Understanding the anatomy of the Gastro-Intestinal Tract (a.k.a. your gut)
Do you suffer from IBS, gas, or other gut issues, you need to have a basic knowledge of the digestive system. The information I include in this webpage should provide a good overview. However, if you still have questions, talk to your doctor.
First Step: The Mouth
Food’s first step in the digestive process begins in the mouth. More than just mastication (chewing your food into manageable pieces) occurs here. Your saliva plays a role. It contains chemicals (specifically, an enzyme called amylase) that begin breaking down the sugars in food.
For the chemical breakdown to work optimally, you should chew the food twenty (or more) times a bite. All of that chewing breaks down the food, increasing its surface area, so more of it comes in contact with the saliva and other biochemicals farther along in the GI tract.
FYI, a dysfunctioning jaw can negatively impact your digestive health. If you jaw hurts, clicks, pops or locks, we can help.
Second Step: The Stomach
The chewed food gets broken up into even smaller particles in the stomach. Acidic stomach juices break down the food chemically, while the stomach’s churning contractions break down the food mechanically even further.
Third Step: The Small Intestine
The small intestine is broken up into three parts: the duodenum, the jejunum, and the ilium.
The duodenum is the first part of the small intestines and is attached to the stomach. The duodenum has glands that excrete fluid that neutralizes stomach acid.
A lot of chemical breakdown of your food occurs here. The pancreas dumps its digestive enzymes into the duodenum to break down sugars, proteins, and fats to their smallest size. The gallbladder dumps its stored bile (produced by the liver) into the duodenum to break down extra fats.
We need fat in this small, broken-down form to emulsify (break down into smaller particles and mix) fat-soluble vitamins for absorption farther down the small intestine.
Most of the food absorption is done in the jejunum. It absorbs simple sugars, most water-soluble vitamins, and amino acids (protein) from the food we eat. These nutrients enter the blood where it is distributed to feed all of the cells in our body.
As the GI tract extends toward the colon, the lining of the small intestine’s walls thin, and blood vessels become sparser. Nothing definitive separates the jejunum from the ileum, but the last part of the small intestine is different enough in anatomy and function that it was given a different name—the ileum.
The final absorption of nutrients occurs in the ileum. Anything left over passes into the cecum (the beginning of the large intestine).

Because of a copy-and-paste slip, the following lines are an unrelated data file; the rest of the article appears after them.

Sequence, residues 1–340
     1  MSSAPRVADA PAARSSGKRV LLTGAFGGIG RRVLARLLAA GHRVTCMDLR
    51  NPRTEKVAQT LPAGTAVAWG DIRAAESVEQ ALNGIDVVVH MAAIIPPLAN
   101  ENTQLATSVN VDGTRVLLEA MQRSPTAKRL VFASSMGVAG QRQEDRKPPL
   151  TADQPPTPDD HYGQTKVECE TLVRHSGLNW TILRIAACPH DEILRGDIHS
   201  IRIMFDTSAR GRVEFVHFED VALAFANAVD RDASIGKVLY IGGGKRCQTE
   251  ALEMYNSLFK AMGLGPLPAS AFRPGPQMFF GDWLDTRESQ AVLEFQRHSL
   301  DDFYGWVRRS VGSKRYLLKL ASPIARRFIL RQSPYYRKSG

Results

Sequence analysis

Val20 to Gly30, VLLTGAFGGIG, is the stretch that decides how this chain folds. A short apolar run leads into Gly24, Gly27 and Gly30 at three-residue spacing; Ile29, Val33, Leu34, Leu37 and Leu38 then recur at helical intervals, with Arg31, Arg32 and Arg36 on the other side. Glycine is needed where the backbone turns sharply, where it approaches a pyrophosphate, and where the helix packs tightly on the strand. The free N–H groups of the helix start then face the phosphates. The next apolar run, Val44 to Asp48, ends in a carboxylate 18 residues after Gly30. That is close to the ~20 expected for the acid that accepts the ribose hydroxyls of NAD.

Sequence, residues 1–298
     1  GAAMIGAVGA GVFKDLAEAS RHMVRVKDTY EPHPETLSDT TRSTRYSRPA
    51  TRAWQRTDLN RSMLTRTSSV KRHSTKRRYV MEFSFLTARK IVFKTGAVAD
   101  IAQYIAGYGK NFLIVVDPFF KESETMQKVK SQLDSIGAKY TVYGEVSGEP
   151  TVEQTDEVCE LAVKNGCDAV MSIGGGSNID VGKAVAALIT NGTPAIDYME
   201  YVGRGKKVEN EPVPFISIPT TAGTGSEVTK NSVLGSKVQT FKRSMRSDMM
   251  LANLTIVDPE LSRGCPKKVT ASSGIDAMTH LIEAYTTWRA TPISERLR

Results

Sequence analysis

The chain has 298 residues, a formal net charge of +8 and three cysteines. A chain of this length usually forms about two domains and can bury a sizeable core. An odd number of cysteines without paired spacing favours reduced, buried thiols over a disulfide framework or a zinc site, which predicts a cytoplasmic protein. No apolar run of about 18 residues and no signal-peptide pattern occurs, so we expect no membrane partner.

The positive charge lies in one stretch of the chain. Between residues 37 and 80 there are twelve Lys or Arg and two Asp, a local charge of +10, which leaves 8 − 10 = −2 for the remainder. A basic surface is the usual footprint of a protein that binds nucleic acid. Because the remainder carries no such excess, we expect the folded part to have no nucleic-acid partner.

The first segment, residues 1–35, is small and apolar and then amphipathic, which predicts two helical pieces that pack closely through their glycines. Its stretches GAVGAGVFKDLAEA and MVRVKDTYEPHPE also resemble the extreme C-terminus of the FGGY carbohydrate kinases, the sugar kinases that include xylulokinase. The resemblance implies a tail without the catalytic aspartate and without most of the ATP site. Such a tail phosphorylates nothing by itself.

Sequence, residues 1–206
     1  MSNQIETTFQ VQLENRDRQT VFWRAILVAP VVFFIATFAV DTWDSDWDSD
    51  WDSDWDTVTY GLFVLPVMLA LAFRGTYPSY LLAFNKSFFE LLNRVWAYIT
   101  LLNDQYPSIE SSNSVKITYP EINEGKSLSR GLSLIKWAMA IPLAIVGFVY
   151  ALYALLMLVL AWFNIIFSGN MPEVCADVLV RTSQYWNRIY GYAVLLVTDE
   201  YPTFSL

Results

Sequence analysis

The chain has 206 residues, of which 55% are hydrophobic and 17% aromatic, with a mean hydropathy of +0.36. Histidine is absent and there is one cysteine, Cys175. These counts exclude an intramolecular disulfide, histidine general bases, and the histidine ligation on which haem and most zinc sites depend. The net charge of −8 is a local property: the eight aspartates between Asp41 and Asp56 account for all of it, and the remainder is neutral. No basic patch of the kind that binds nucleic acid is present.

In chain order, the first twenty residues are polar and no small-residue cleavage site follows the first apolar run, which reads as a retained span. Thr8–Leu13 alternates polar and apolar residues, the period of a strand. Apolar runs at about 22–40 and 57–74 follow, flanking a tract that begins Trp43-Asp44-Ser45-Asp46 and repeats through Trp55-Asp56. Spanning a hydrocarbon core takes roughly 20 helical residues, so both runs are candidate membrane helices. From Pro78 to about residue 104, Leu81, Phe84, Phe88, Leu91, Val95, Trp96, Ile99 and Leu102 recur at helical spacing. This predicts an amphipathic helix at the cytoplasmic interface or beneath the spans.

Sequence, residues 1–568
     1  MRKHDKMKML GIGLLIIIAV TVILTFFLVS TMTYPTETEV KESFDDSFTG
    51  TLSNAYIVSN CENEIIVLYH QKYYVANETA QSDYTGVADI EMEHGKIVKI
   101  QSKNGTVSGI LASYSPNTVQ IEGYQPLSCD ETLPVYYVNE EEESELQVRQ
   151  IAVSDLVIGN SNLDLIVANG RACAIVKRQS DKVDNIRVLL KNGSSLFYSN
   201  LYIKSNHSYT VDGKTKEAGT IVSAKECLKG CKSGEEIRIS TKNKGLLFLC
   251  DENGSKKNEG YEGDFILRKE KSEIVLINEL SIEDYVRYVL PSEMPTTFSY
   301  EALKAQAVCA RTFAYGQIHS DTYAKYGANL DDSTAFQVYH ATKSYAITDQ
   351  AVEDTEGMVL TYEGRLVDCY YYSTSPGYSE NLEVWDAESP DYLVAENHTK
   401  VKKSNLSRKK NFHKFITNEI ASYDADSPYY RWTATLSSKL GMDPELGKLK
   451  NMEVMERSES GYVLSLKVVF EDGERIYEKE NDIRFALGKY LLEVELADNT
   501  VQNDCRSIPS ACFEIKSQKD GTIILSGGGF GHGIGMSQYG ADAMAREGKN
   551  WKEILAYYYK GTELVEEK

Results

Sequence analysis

Fourth Step: The Large Intestine
The large intestine is also broken up into three parts: the cecum, the colon (ascending, transverse, and descending), and the rectum.
The small intestine meets the large intestine at the cecum in the lower right abdominal region.
From the cecum, the unabsorbed food particles (which you’d never recognize as food at this point) travel up the ascending colon, across the transverse colon, and down the descending colon. When the fecal material travels through the colon, fluid is soaked up—up to 50 fluid ounces of water every day!
Rectum (the final step)
The rectum is the last stop in the digestive system. The fecal matter exits the body through this part of the large intestine.
(Not Just a Useless Organ)
The appendix is attached to the bottom of the cecum. Mainstream medicine considers the appendix a vestigial organ because it has no known purpose. Because no one is sure of its function, the appendix is thought to be left over from an earlier ancestor in our evolutionary development.
I prefer the hypothesis that the appendix is part of the mechanism that helps our body determine what is a foreign bad bug and what is ingested good stuff—the building materials that make the cells that make us.
Have you ever wondered how your body tells a good bug from a bad bug? How does it determine that the particles in our sinuses are pollen, dust, viruses, bad bugs, or our own cells? Well, this supposedly “useless” organ, the appendix, may be part of the answer.
I believe poor gastrointestinal health is why autoimmune conditions are on the rise. We need a healthy gut so our bodies can distinguish foreign bad bugs from our own healthy cells. I talk more about this when I explain what to do about food sensitivities and allergies (CLICK HERE to learn more)
The colon houses good bacteria—symbiotic organisms that help us digest our food. These organisms live off the fiber that isn’t digested and make vitamins K and B12, which the colon can absorb; they also produce gas.
New research has linked the health of the probiotics (the good bugs; more on these in Chapter 10) in our colon and the health of our immune system. Some research has found that good bacteria in the gut support a healthy mind. So eating well helps you think well!
Other studies have found that poor bacterial health in the gut can affect general joint health. So eating well helps you move well.
Are you beginning to see how everything in your body is interrelated? This is why I always come back to the triad of health. When you eat/drink well, stretch/exercise well, and think/sleep well, you combat dis-ease!
Basically, having a healthy amazon of bacteria in our gut results in health benefits beyond the health of our entire digestive system.
 El Enshasy, et al., “Anaerobic Probiotics: The key microbes for human health,” Advances in Biochemical Engineering/Biotechnology.
 Stein, “Gut Bacteria Might Guide the Workings of Our Minds,” Morning Edition. NPR.
 Kohn, “Joint Pain, from the Gut,” Atlantic.